In addition, more than one-quarter of New Mexico voters (28%) have a “very unfavorable” view of Heather Wilson – an increase of eight points in those with strongly negative attitudes toward her since our May baseline survey. And both independents (38% favorable to 41% unfavorable) and women (41% to 45%) now have net-negative perceptions of Wilson, two groups that viewed her favorably by sizable margins as recently as two months ago.  Voters clearly perceive Wilson as more of a creature of Washington DC, and more captive to its special interests, than they do Heinrich. As shown in Figure 3, by wide margins voters believe that she is too close to oil companies and other wealthy special interests; is a Washington DC insider; and puts her political party ahead of the people of New Mexico. Heinrich, in contrast, is credited by voters with being on their side; sharing their values; and likely to do more to protect land, air and water. Most of these sentiments have grown over the past few months that advertising about Wilson’s record has been on the air.

New Mexico Statewide Voter Survey Results – August 2012 Page 3

FIGURE 3: Perception of the Degree to Which Traits Better Describe Wilson or Heinrich Best Describes Wilson 51% 46% 48% 41% 38% 36% 33% 25% Best Describes Heinrich 13% 11% 19% 20% 31% 43% 44% 54%

Trait Too close to big oil companies Let oil companies of the hook for polluting our water with MTBE Is too close to the wealthy and big business Is a Washington, DC insider Puts their political party ahead of the people of New Mexico Shares my values Is on our side Will do more to protect land, air and water 

Advantage Wilson +38% Wilson +35% Wilson +29% Wilson +21% Wilson +7% Heinrich +7% Heinrich +11% Heinrich +29%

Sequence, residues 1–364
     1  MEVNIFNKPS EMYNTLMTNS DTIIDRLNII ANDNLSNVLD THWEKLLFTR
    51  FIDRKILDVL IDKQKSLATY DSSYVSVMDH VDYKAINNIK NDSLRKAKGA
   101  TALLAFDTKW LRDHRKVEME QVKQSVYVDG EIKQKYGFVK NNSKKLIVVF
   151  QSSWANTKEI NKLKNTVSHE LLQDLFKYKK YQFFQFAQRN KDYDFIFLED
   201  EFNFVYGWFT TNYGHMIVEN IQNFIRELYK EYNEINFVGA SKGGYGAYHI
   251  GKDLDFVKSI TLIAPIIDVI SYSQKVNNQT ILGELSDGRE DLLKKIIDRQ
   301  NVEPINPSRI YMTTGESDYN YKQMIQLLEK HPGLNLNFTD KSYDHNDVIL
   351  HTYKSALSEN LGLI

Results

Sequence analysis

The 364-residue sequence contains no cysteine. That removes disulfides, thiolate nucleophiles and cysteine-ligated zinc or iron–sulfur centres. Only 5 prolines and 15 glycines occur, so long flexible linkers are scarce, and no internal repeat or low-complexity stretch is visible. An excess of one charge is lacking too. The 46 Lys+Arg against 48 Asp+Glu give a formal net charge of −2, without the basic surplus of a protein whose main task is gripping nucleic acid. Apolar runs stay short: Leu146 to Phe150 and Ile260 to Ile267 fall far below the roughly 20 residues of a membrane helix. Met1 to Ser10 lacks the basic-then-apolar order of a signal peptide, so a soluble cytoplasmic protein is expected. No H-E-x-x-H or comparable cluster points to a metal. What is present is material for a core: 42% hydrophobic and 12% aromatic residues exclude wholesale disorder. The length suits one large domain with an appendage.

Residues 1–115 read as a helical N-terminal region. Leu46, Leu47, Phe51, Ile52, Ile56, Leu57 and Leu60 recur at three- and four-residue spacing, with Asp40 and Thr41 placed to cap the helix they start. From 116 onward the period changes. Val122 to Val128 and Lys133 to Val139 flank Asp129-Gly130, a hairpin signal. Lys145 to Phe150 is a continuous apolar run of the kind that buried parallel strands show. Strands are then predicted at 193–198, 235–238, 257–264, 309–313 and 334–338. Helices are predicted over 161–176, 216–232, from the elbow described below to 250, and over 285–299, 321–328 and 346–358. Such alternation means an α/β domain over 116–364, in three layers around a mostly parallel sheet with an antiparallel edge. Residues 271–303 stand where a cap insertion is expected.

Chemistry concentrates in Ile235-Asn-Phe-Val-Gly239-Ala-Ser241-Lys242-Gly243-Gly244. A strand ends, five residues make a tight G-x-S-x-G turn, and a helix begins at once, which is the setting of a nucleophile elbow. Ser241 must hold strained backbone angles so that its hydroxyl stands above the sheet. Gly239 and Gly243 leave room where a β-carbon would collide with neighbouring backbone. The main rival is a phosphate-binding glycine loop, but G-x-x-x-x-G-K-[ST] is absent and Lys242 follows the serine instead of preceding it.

The data show that advertising by a coalition of environmental and conservation organizations has played a key role in driving more negative perceptions of Wilson. Over the last few weeks, one-third of New Mexico voters (32%) say the information they have seen about Wilson has made them view her less favorably – while only 19 percent have seen information that has made them view her more favorably. Among those who have come to view Wilson less favorably, the clear majority cite issues (environmental and conservation issues broadly, water quality specifically, her closeness to oil companies, etc.) that have been a focus of the campaign by environmental and conservation organizations.

Taken together, the survey results show that as voters have learned more about Wilson, their views of her have grown more negative and their willingness to support her in November has declined – leaving Martin Heinrich in a strong position heading into the fall campaign.

i

Methodology: From August 5-7, FM3 completed telephone interviews with 502 New Mexico voters likely to cast ballots in the November 2012 election. Interviews were conducted in both English and Spanish and on both landline and wireless telephones. The results have a margin of sampling error of +/4.4 percent; margins of sampling error for subgroups within the sample will be greater.